Anyone that follows current events has probably heard of the gang-rape/homicide of a young lady in India last year. If you haven’t, I’m sure you have heard of other incidents of sexual assault of women. Three Indian engineering students became fed up with the slow movement of law enforcement to protect women against sex crimes, so they decided to invent something they hope will help prevent such horror stories: anti-rape underwear.
Dubbed Society Harnessing Equipment (SHE), the underwear uses pressure sensors to detect the attempted molestation of the person wearing the underwear and sends up to 82 electric shocks of 3,800 kV to the attacker. SHE also comes built-in with GPS which alerts police and the parents of the female.
To protect the wearer of the underwear from electric shock, the inside of the underwear is lined with a polymer which presumably insulates the shock.
UPDATE: There appears to be some confusion if the device is underwear or part of a larger undergarment (like a shirt); multiple sources that I’ve checked are reporting conflicting facts. Anyone with more knowledge on the matter, feel free to clarify.
The inventors of the device — Manisha Mohan, Rimpi Tripathi, and Neeladri Basu Pal — say they plan on creating a Bluetooth version which sends SOS via cellphone upon attack and hope to have the underwear go on sale by the end of April of this year.
While I do think anything to help protect women from sexual assault is better than nothing, I have to question how useful this will be practically speaking:
- First of all, how many woman will actually that extra bulk… especially in India where it can get extremely hot in the summer?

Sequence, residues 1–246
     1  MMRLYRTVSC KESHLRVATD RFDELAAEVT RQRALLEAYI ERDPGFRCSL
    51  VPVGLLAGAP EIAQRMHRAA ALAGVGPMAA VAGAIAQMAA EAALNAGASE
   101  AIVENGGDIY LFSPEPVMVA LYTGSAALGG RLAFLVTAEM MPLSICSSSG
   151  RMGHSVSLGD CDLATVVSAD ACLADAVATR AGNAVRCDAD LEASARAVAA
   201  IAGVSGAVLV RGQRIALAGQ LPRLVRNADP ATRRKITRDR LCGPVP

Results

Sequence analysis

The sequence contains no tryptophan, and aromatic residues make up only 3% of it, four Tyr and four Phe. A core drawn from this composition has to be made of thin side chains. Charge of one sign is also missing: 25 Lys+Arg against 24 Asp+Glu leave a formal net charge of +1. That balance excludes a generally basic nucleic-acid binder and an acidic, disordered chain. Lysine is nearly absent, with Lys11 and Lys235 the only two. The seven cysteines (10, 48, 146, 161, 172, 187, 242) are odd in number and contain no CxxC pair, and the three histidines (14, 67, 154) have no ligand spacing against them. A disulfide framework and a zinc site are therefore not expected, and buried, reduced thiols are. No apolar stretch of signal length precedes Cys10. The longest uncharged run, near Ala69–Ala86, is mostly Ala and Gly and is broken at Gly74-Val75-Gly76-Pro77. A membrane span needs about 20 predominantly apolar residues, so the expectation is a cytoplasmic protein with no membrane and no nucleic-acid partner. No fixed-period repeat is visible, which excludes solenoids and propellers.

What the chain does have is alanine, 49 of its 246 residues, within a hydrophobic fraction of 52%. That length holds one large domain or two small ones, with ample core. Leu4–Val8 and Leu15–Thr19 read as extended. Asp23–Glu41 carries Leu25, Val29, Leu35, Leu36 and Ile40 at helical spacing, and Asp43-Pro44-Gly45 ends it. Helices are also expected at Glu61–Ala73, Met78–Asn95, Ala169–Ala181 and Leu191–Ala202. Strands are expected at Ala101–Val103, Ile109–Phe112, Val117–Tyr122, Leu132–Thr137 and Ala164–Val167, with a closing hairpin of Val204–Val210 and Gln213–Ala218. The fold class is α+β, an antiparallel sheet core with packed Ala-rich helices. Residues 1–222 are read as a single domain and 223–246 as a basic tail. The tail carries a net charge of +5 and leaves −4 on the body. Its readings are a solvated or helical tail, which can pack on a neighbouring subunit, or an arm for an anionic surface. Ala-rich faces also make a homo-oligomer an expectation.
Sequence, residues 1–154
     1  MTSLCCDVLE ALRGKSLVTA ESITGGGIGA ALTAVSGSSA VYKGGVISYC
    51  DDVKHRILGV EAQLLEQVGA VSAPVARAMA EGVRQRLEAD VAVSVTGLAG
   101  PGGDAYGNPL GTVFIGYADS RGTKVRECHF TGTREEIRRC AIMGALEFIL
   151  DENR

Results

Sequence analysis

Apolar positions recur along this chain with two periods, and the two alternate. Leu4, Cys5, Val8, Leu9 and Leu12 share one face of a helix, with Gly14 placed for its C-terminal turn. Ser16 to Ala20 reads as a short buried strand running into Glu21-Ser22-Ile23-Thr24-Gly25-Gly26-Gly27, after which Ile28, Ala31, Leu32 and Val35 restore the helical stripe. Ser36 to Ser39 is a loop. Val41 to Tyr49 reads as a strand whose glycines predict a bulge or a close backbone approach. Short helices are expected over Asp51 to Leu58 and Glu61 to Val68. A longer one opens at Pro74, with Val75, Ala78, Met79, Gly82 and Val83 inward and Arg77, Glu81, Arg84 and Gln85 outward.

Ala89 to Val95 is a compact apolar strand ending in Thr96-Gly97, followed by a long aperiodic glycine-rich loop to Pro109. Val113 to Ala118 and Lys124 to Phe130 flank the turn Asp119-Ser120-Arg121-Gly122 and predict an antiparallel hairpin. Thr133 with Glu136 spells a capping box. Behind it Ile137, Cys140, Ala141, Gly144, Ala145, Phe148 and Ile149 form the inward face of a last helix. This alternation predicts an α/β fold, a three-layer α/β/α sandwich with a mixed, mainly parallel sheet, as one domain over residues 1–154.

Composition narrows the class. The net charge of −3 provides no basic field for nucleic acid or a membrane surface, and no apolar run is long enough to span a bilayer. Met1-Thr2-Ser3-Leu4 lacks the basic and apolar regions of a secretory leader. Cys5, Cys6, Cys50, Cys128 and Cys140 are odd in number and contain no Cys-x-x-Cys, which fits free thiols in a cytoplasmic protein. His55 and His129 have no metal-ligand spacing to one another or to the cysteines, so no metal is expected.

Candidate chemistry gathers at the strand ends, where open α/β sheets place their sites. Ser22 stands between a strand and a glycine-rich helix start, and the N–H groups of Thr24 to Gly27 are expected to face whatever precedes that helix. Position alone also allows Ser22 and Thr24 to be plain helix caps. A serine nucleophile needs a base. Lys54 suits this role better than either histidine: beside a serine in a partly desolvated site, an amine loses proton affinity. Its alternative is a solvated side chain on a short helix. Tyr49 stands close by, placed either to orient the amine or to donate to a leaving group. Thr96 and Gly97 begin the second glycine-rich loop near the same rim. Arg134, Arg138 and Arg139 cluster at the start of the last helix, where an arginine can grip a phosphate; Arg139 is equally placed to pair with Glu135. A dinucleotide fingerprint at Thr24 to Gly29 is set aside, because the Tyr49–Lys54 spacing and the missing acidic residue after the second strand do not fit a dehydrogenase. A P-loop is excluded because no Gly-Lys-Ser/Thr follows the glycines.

- Secondly, what is to prevent attackers from simply ripping off the underwear? From what I understand, electric shock will be administered if pressure sensors are triggered, assuming the attacker has to attempt penetration. What is to stop someone from ripping off the underwear prior to penetration?
- Thirdly, I’m no psychologist but I’m going to go out on a limb and say shocking the penis of a sex-craved rapist is probably only going to enrage him further. I’m not saying women should simply stop resisting and allow themselves to be raped but shocking the attacker could potentially backfire. Unless of course 82 shocks of 3,800 kV renders the attacker unconscious. Any physics pros out there want to help us out there?
- Lastly, this had better be error-proof or else malfunction could hurt the wearer where no one wants pain.
However, even with caveats, at least it is better than nothing… especially in nations where violence against women is not at the top of the priority ladder for law enforcement and government.